This is when I happened upon three pieces of exceptionally good luck. Dad had a Oldsmobile 98 with a fair amount of extras. For example, it had electric windows which seemed like magic back then. It also had a very good A/C and heater which came in pretty darn handy for the Mobile weather patterns. (As it turned out, this would be, by far, the nicest car my dad would ever own – but, of course, we had no way of knowing he would be diagnosed with an untreatable cancer just a few years later.) But the best part about this car was my first bit of luck: The car had a stereo with retractable antenna and four speakers, including two large Delco 6X9 speakers in the back. The clarity of reception was exceptional and the sound was stellar.
My second bit of luck was that Mobile had an FM radio station, WABB 97 Rock, during this time with nighttime DJs who took a lot of pride in playing music that we were not likely to hear elsewhere. It was thought of as an “album rock” station and they were careful to stay away from hard rock or Top 40. They also tended to avoid anything that was way over the top progressive or excessively mellow. So, they left a lot of music for other stations to play (or at least other time slots).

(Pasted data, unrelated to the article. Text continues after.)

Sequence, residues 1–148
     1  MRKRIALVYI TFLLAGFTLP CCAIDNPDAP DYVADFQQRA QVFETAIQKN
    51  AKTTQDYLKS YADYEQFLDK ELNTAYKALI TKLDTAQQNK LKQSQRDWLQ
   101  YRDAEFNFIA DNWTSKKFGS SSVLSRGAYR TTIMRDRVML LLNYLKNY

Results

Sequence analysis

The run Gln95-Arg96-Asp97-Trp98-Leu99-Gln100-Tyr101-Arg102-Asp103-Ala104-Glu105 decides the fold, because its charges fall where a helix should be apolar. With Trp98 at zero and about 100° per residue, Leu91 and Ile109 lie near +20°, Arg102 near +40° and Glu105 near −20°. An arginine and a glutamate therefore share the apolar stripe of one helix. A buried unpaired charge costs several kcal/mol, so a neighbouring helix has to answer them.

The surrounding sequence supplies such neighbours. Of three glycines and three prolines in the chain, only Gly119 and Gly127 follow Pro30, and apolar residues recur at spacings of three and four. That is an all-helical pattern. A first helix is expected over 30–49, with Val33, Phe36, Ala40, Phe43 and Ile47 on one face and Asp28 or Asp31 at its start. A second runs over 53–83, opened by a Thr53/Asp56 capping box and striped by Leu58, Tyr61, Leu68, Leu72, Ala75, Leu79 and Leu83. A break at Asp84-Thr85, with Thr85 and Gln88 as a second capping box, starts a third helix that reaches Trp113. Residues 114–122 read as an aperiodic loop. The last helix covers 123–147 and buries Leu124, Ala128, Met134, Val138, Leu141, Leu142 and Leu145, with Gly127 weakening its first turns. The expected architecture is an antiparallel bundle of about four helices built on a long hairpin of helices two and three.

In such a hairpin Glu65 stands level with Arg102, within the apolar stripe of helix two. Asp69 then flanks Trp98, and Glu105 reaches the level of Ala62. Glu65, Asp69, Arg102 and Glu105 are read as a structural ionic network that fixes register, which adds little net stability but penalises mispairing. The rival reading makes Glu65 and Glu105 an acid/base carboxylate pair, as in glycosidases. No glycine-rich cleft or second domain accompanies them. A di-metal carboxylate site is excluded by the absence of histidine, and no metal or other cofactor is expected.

These DJs seemed to be going to great lengths to choose music that could take maximum advantage of the clarity offered by the better quality FM receivers to which they were now broadcasting, including the one in my dad’s car. In retrospect, I think they were also doing what they could to push back against the corporatization of music which was happening at the time (as mocked in the Steely Dan song, “FM/No Static at All” and also later in the television show, WKRP in Cincinnati with the ever rebellious, Dr. Johnny Fever and the ultra-cool, Venus Flytrap). So, my favorite Gulf Coast DJs were well ahead of their time in terms of putting quality ahead of commercialism. As you will see below, they were also pretty darn good at picking music which would become iconic within a few years’ time.